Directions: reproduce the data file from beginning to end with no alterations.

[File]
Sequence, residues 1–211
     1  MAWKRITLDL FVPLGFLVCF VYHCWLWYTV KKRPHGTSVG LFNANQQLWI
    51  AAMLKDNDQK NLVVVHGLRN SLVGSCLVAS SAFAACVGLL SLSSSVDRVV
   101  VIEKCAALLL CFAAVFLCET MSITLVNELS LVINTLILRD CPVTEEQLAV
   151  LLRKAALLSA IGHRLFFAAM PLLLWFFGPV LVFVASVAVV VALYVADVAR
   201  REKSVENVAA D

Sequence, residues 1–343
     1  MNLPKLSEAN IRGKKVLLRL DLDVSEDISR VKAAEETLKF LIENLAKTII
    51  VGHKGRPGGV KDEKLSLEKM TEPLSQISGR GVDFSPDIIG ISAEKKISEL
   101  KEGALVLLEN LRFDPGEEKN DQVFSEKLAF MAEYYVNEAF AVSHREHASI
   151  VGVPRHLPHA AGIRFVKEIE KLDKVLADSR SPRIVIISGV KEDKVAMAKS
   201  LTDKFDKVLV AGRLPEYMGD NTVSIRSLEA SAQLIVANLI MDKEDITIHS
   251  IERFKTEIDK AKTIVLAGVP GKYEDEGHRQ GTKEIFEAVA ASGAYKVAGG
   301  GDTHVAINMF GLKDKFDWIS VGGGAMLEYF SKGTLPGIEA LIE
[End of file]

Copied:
Sequence, residues 1–211
     1  MAWKRITLDL FVPLGFLVCF VYHCWLWYTV KKRPHGTSVG LFNANQQLWI
    51  AAMLKDNDQK NLVVVHGLRN SLVGSCLVAS SAFAACVGLL SLSSSVDRVV
   101  VIEKCAALLL CFAAVFLCET MSITLVNELS LVINTLILRD CPVTEEQLAV
   151  LLRKAALLSA IGHRLFFAAM PLLLWFFGPV LVFVASVAVV VALYVADVAR
   201  REKSVENVAA D

Sequence, residues 1–343
     1  MNLPKLSEAN IRGKKVLLRL DLDVSEDISR VKAAEETLKF LIENLAKTII
    51  VGHKGRPGGV KDEKLSLEKM TEPLSQISGR GVDFSPDIIG ISAEKKISEL
   101  KEGALVLLEN LRFDPGEEKN DQVFSEKLAF MAEYYVNEAF AVSHREHASI
   151  VGVPRHLPHA AGIRFVKEIE KLDKVLADSR SPRIVIISGV KEDKVAMAKS
   201  LTDKFDKVLV AGRLPEYMGD NTVSIRSLEA SAQLIVANLI MDKEDITIHS
   251  IERFKTEIDK AKTIVLAGVP GKYEDEGHRQ GTKEIFEAVA ASGAYKVAGG
   301  GDTHVAINMF GLKDKFDWIS VGGGAMLEYF SKGTLPGIEA LIE